thumbnailFigure 5. Distribution of ubiquitin-conjugated proteins and SOD1 in cultured astrocytes following OGD/reperfusion.A. In astrocytes, the ubiquitin immunoreactivity in the normoxic control group was evenly distributed in cytoplasm and nucleus. Following OGD 8 h/reperfusion 16 h, the diffused distribution of free ubiquitin lost nuclear staining and clustered immunoreactivity appeared near the nucleus. 1400W attenuated the punctuated ubiquitin perinuclear distribution B. Colocalization of ubiquitin and SOD1. Following OGD 8 h/reperfusion 16 h, were identified. SOD1 immunoreactivity colocalized with ubiquitinated-protein aggregates and showed a pattern of punctuated perinuclear-nuclear localization. Scale bar, 100 μm; green, ubiquitin immunosignals; red, SOD1 immunosignals; blue, nucleus staining with Hoechst 33342.

Discussion

Brain ischemia/reperfusion injury encompasses all cell types in the central nervous system, including neurons and astrocytes. Astrocytes are believed to play a fundamental role in the pathogenesis of neuronal death. The failure of astrocytes in supporting the essential needs of neurons constitutes a great threat for neuronal survival. The multifaceted and complex role of astrocytes in response to injury includes the enhancement of neuronal survival or regeneration and contributes to further injury [29,30]. Glial cells, including astrocytes, generate excessive amounts of NO as a result of the activation of iNOS, and NO can induce neuronal apoptosis in ischemia/reperfusion injury. However, the cellular and molecular mechanisms of neuronal death induced by excessive NO have not yet been clearly defined. Brain hypoxic or ischemic injury is associated with an obvious inflammatory reaction that results in the expression and release of several cytokines [31]. These important mediators activate the expression of iNOS in different cell types, including glial cells in the central nervous system [32-34]. Interleukin-1β and tumor necrosis factor are both significantly increased within a few hours of ischemia. Interleukin-1β and tumor necrosis factor trigger transcriptional activation of the iNOS gene and then up-regulate iNOS expression [35,36]. Oxidative stress induced by ischemia might itself trigger the induction of iNOS. Moreover, the iNOS promoter contains a hypoxia response element, since a specific pathway, the hypoxia-inducible factor-1α pathway, can be activated at the onset of ischemia [37]. Consequently, the generation of NO persists. It is believed that NO produced by de novo expression of iNOS contributes to brain damage caused by hypoxic ischemia [38]. In the present study, we examined whether iNOS expression was enhanced in response to OGD/reperfusion in astrocytes. Consistently with previous research, OGD/reperfusion markedly elevated iNOS protein levels in cultured astrocytes. Our study gives the first demonstration that PDI is S-nitrosylated in cultured astrocytes following ischemia/reperfusion injury, and that this is highly associated with extensive generation of NO, which is induced by up-regulated iNOS expression. This finding suggests that S-nitrosylation of PDI probably inactivates the normal properties of PDI, and that it may contribute to the pathogenesis of ischemia/reperfusion injury.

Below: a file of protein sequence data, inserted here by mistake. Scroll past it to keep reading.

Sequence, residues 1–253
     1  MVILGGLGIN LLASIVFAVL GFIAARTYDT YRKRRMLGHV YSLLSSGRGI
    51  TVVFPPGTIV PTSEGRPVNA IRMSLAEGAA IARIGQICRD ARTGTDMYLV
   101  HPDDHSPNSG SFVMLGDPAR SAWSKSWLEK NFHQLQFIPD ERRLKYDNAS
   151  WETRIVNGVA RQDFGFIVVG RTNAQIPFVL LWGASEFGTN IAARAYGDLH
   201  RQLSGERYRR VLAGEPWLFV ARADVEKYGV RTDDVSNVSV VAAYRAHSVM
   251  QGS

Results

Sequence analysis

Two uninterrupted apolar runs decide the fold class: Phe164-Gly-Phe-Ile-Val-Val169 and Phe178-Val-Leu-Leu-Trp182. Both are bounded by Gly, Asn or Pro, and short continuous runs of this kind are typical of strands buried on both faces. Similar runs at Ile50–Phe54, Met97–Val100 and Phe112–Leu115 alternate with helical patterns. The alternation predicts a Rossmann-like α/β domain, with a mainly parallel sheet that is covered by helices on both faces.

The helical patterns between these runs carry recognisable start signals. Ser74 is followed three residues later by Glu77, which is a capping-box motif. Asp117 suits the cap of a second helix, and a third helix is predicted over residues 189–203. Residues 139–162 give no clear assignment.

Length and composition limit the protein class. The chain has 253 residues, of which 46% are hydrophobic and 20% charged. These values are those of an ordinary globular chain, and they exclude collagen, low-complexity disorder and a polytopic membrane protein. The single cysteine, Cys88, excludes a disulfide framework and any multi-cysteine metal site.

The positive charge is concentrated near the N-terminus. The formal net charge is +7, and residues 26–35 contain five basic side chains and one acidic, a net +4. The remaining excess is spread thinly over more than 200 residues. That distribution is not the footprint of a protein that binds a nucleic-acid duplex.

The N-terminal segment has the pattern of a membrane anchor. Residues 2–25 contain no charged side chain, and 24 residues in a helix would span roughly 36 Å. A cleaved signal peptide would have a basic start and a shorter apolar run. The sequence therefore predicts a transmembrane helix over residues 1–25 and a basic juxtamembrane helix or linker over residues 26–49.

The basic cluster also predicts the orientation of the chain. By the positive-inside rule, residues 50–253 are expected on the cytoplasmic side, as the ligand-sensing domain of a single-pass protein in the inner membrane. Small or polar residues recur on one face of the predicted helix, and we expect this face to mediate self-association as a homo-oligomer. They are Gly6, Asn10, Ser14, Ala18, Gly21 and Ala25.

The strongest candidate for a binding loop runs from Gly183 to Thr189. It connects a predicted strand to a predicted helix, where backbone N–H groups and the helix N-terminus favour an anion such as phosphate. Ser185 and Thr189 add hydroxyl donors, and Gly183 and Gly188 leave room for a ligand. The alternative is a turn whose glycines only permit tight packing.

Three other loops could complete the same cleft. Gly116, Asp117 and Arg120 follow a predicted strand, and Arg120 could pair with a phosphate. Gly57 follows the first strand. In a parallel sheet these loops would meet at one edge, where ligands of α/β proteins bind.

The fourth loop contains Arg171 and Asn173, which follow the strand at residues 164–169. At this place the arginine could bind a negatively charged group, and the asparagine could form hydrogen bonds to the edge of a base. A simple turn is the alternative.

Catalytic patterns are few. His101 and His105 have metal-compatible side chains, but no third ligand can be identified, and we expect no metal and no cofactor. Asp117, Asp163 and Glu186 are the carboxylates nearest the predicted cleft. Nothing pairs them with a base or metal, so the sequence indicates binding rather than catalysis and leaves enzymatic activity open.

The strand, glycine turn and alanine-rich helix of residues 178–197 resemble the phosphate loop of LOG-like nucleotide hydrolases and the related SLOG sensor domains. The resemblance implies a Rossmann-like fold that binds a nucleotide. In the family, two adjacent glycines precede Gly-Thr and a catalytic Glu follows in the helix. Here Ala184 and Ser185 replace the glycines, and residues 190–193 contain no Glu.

Protein disulfide isomerase is a ubiquitous, highly conserved redox enzyme from the thioredoxin superfamily, located mainly in the ER [39]. During protein folding in the ER, PDI facilitates proper protein folding and helps to maintain the structural stability of the mature protein [17]. As a consequence, PDI is considered to be a molecular chaperone capable of stabilizing the correct folding of substrate proteins. It also facilitates the ER-associated degradation of misfolded proteins [40]. Protein disulfide isomerase is involved in the retro-translocation of misfolded cholera toxin from the ER to the cytoplasm by interacting with the ER transmembrane protein Derlin-1 [41]. In this study, we found that PDI expression was up-regulated in astrocytes following OGD/reperfusion. This result was consistent with previous studies that have demonstrated the up-regulation of PDI in astrocytes in response to hypoxia or transient forebrain ischemia in astrocytes [42]. A study of ischemic cardiomyopathy indicates that PDI is up-regulated in the viable peri-infarct myocardial region after infarction. This up-regulation of PDI led to a significant decrease in the rate of cardiomyocyte apoptosis [43]. All of this evidence put together indicates that the up-regulation of PDI in ischemia/reperfusion injury represents an adaptive response that promotes correct protein folding and offers potential protection to cells. However, detrimental generation of NO derived from iNOS induces S-nitrosylation of PDI; this posttranslational modification of PDI may attenuate its protective effects in ischemia/reperfusion injury.